The political theater has been tragic, but as long as there's a next act, there's hope.
In Greek mythology, Cassandra has the gift of prophesy but the curse of powerlessness. She can see into the future and knows that trouble is coming, but can't prevent catastrophe. She is wise, but her powerlessness makes her tragic.
Perhaps Cassandra is a good metaphor for Minnesota's recent political theater. We can see fiscal catastrophe coming and have the wisdom of good intentions and ideas, but are cursed by a broken political system. We can't afford tragedy.
Our legislative leadership has been right. Demographics (we are aging, and workforce growth is slowing) and escalating health and human services costs create an unsustainable fiscal future.
Medical and human-service-related costs are projected to increase 8.5 percent per year; revenue by 4 percent. This trend is unsustainable, and tax increases aren't sufficient to solve the problem.
We need dramatic program reforms and a conversation about the proper role of government in our new demographic and economic landscape.
Our governor has also been right. Without some type of additional revenue and/or program reform, we have to make drastic reductions in services for students, the poor and seniors, and we need a drastic overhaul in our tax code no matter what.
We spend $11 billion a year through tax loopholes and exemptions, most of which are regressive, and our tax code isn't built for a competitive, entrepreneurial, global economy. Without these reforms, we will eventually undermine the quality of life that makes Minnesota a great place to live in this global marketplace.
Our politics push us toward tragedy.
Tragedy, because even short-term solutions shut us down. And they only get us to the next biennium, when we face another enormous shortfall and fewer options. Think this budget melodrama is bad? Wait for the 2014-15 season.
Tragedy, because we've seen this crisis coming for 15 years, and because we don't suffer from a lack of policy ideas. This isn't a knowledge problem that needs more policy experts, proposals and reports.
Tragedy, because the purpose of politics in a democracy is to act on these good ideas and intentions -- to be powerful -- but our political infrastructure is profoundly broken and dysfunctional.
We lack the places and opportunities in all types of institutions -- not just government -- to identify, discuss and reconcile our policy differences: to create common ground for the common good. In many ways, it's this simple.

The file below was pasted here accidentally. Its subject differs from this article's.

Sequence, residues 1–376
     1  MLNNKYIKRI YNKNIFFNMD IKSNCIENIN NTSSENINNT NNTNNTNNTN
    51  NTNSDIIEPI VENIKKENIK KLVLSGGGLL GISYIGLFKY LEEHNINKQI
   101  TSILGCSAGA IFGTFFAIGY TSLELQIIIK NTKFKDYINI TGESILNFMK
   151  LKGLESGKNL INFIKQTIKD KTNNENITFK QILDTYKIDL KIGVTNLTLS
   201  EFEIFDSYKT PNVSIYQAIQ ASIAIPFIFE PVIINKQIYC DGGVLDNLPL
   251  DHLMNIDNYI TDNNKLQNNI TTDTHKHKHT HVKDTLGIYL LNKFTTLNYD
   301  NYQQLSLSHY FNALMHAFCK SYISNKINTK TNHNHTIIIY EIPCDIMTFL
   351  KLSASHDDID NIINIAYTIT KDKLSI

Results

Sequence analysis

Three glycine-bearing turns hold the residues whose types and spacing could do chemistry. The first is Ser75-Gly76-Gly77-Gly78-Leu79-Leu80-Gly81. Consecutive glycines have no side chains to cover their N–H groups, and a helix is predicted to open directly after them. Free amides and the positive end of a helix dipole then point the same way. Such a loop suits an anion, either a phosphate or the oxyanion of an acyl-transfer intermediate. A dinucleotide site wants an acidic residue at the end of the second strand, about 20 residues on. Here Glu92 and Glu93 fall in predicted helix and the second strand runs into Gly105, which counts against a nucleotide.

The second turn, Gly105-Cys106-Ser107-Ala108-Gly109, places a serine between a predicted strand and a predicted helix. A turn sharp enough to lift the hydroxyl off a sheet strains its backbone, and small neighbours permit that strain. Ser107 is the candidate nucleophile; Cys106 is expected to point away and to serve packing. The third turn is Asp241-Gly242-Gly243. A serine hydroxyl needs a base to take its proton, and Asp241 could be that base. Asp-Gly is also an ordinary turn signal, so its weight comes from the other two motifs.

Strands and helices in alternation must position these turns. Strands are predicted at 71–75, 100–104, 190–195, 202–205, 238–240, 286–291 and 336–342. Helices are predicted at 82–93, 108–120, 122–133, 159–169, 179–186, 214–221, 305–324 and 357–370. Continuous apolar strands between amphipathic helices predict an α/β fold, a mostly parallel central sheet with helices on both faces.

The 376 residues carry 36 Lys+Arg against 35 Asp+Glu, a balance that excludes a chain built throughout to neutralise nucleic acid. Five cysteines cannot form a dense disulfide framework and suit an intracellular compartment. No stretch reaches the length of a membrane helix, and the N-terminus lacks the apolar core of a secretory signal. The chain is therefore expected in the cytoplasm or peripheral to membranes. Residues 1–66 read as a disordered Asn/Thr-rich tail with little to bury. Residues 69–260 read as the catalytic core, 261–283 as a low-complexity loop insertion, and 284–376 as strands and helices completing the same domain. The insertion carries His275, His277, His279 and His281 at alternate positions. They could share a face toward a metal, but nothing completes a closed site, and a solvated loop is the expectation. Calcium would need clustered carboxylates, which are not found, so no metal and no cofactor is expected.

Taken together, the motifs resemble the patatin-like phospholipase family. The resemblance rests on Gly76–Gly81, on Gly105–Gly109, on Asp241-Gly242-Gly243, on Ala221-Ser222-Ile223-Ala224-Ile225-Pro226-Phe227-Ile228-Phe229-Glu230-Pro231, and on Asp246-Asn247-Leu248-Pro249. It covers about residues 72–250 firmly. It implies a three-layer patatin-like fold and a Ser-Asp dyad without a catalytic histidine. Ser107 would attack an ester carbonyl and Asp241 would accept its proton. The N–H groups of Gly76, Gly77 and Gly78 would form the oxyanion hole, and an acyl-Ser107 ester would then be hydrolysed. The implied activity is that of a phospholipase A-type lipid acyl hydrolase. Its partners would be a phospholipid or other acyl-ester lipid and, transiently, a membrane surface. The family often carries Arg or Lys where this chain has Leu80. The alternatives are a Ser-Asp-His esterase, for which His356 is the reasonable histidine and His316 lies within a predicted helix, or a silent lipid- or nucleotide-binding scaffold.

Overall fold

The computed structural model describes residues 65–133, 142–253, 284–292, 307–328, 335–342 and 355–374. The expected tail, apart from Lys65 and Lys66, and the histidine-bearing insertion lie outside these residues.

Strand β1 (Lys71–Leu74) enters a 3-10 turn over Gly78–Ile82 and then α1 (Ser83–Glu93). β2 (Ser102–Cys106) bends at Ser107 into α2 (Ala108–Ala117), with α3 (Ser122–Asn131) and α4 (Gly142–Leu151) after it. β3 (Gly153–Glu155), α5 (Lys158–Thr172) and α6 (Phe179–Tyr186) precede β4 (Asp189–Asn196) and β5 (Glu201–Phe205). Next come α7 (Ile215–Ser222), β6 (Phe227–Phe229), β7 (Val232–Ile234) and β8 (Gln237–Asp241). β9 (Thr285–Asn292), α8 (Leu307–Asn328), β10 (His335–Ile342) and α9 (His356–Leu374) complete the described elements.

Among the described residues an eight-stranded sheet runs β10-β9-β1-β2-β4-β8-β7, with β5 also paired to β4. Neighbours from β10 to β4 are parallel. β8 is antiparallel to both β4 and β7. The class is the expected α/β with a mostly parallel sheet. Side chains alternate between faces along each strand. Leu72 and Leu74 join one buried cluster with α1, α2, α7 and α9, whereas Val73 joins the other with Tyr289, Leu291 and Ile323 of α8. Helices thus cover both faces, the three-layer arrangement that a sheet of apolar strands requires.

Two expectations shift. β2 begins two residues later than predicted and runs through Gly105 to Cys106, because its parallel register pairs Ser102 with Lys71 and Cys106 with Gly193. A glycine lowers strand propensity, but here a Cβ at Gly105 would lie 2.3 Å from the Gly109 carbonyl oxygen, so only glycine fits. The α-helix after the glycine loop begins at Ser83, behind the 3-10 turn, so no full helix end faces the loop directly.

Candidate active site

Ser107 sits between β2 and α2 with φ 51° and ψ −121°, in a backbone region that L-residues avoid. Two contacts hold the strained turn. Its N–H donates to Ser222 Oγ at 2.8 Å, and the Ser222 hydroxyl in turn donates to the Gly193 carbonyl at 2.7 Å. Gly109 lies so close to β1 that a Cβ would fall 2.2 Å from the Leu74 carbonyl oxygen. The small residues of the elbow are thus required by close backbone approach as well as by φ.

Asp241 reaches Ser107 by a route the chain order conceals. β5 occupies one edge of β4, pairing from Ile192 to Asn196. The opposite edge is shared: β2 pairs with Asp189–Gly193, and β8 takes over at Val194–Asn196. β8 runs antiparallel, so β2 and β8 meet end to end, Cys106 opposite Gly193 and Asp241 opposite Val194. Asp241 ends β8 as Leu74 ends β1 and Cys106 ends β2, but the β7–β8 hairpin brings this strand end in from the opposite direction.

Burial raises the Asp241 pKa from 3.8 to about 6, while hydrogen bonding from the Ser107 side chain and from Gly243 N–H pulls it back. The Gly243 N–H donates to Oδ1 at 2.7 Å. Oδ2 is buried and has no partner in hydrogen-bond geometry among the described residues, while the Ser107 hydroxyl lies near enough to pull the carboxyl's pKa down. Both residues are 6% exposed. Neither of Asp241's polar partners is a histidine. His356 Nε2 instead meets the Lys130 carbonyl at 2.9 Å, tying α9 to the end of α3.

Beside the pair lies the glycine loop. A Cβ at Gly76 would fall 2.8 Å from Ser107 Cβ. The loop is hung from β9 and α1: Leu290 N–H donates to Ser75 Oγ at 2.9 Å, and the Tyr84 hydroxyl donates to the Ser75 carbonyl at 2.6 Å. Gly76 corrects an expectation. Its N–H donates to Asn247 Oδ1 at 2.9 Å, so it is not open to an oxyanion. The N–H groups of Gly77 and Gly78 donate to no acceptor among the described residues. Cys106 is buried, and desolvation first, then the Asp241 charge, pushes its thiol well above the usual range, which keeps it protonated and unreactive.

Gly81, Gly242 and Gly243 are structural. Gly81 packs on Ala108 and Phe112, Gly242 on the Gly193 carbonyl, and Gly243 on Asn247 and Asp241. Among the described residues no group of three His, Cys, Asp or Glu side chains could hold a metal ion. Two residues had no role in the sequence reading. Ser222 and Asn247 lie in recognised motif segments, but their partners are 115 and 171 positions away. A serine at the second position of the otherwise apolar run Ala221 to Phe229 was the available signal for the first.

We aren't resolving our differences and building support for reform because we spend our time and resources in echo chambers that only magnify our differences, not reconcile them.
The pragmatic solutions to our policy problems will need to be created in all institutions -- not just government -- and my organization, the Citizens League, has demonstrated that finding and building support for these solutions is possible. In fact, people are hungry for this opportunity.
And what political infrastructure we have left is motivated almost entirely by narrow partisan interests, and is actively working against finding solutions. (If you have been urging your political leadership to hold fast and not compromise, you are now part of the problem.)
The ultimate tragedy will be not seeing the opportunity created by this crisis. Minnesota has always been an innovator; a state on the leading edge of "what works."
Recently we've been on the leading edge of nationwide political dysfunction regarding fiscal and tax reform. We should see this as a chance to show the nation a better solution.
Tragedy or opportunity?
So if our policy and political leadership has been characterized by paralysis and cynicism, on what grounds do we have any hope for this better solution?
In poll after poll, and in extensive conversations that the Citizens League conducted in partnership with the Bush Foundation's "Common Cents" project, Minnesotans are hopeful and ready for reform.
When they understand the magnitude of our demographic and fiscal challenges, they are willing to endure short-term pain in order to create long-term solutions. They want our tax system to be better: more fair and productive. They can talk across dramatic ideological differences to find meaningful common ground based on shared civic values.
Our path forward begins with reimagining and rebuilding our political infrastructure: our ability to act on these intentions. In the short term, we need the majority of Minnesotans who favor reforms to make their voices heard through all means -- just not through the type of partisan win/lose battles we've seen in Wisconsin.
In the long-term -- which starts in 2012 -- we need our leaders to articulate a vision for Minnesota that is bigger than ideology and partisanship, and more long-term than the fall election.
We'll need civic leaders in all types of institutions to act on long-term policy proposals. We can't blame this on the politicians when we all have a role to play. We elected them.
The purpose of tragedy in drama has always been to remind people what's really important. From the Mayo brothers to 3M, in Minnesota we've always valued -- and depended on -- a unique and powerful mix of innovation and pragmatism. These values are more important than ever.
What's at stake here is not just the fate of this budget or very real short-term policy dilemmas, but the next generation of civic leadership and capacity in Minnesota.
To waste this opportunity would be a tragedy.
Sean Kershaw is executive director of the Citizens League.
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